Since the emergence of online learning, one recurrent issue has been the need to bridge the gap between learners accessing in-person training centers and those learning remotely to provide equitable learning opportunities to those enrolled in a specific course or unit.
Blended synchronous learning has received a lot of attention in recent years, and it’s also known as synchronous hybrid learning. Hybrid synchronous learning can combine the benefits of blended learning, such as flexibility and convenience, with the benefits of synchronous learning, such as quick feedback and increased motivation, while decreasing the limitations that hybrid asynchronous learning typically has.
Many learners enjoy face-to-face engagement and socialization with their instructors and colleagues, but they are unable to commit to weekly in-office training sessions. As a result, there have been requests for enterprises to provide higher degrees of flexibility and choice to learners beyond in-person instruction. These needs may be answered by blended synchronous learning approaches.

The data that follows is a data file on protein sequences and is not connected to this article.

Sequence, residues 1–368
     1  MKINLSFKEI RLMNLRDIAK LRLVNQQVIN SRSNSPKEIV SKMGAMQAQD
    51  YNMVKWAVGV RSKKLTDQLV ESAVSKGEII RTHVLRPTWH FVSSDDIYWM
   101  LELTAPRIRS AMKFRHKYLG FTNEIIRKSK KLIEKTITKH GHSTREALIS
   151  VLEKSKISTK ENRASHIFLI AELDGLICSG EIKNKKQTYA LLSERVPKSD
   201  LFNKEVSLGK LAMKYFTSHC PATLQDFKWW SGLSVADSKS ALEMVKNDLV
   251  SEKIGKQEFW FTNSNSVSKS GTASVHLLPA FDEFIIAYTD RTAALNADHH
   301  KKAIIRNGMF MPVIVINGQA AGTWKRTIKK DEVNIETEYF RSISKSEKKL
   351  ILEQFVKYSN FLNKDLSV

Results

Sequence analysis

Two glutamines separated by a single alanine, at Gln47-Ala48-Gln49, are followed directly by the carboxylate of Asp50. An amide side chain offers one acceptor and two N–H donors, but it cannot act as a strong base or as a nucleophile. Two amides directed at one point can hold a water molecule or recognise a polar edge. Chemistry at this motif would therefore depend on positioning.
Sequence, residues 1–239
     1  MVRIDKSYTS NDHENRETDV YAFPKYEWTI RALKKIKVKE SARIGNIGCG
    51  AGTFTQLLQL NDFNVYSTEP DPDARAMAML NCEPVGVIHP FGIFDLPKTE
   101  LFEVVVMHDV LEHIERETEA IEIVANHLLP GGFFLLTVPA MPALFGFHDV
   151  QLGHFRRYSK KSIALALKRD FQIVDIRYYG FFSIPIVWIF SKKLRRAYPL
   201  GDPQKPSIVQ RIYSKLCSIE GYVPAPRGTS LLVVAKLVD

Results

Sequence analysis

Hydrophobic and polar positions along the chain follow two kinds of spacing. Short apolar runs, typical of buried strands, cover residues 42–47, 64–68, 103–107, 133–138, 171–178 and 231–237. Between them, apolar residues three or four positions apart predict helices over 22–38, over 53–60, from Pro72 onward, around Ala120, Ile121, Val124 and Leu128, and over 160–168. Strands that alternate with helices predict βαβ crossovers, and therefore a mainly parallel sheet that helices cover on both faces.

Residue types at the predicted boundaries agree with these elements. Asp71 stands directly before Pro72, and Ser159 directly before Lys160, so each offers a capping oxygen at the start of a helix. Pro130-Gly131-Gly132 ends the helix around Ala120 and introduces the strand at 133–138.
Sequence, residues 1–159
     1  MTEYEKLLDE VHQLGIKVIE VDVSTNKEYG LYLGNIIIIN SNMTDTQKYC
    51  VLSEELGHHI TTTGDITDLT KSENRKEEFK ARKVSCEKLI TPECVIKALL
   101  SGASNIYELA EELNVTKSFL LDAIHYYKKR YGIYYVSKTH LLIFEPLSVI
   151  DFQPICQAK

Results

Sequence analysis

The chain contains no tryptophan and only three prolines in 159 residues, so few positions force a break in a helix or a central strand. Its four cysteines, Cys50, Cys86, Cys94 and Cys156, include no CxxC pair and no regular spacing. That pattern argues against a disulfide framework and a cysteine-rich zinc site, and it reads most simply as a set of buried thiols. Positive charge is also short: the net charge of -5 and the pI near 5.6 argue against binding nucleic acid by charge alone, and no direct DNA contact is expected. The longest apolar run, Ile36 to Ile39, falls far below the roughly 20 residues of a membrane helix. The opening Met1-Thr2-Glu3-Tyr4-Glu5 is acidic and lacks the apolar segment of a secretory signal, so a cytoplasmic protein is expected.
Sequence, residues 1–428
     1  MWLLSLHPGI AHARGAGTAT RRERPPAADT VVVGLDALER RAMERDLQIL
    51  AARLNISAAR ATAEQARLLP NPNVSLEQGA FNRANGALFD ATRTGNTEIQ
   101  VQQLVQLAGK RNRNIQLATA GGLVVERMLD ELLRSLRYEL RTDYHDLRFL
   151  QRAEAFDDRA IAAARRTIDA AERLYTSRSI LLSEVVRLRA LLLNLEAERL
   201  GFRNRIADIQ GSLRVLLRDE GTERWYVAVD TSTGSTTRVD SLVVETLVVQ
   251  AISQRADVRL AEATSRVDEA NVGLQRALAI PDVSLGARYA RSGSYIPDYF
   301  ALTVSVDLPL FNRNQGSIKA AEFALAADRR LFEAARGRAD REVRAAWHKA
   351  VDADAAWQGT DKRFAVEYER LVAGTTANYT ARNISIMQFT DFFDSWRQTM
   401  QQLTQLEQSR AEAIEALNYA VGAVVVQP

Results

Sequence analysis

The recent mainstreaming of enabling technologies, driven by the increasing pervasiveness of high-speed broadband internet connectivity, has made it possible to open up on-the-job activities to online learners via the Internet and, in some cases, to allow learners to freely move between on-site and online participation. This enables all learners engaged in training, regardless of location, to participate in shared, real-time experiences. Due to the increasing interest in the topic, we’ll look at how design and implementation issues affect the type and quality of hybrid synchronous learning.
Hybrid synchronous learning has the potential to provide a significant opportunity for learners who are unable to visit the office to attend training sessions via real-time two-way video conferencing.
Factors Influencing Design And Implementation
External Factors On Design Integration And Applications
The factors influencing technology integration and deployment are referred to as extrinsic to trainers. This includes technology tools, equipment, time, physical settings, technical assistance, and administrative support from colleagues throughout and after the integration and deployment process. Because these barriers are easy to assess and relatively simple to remove, most early integration efforts are focused on removing them. Before hybrid learning models can be deployed, companies and instructors must first overcome these difficulties, which are frequently beyond the course instructor’s control.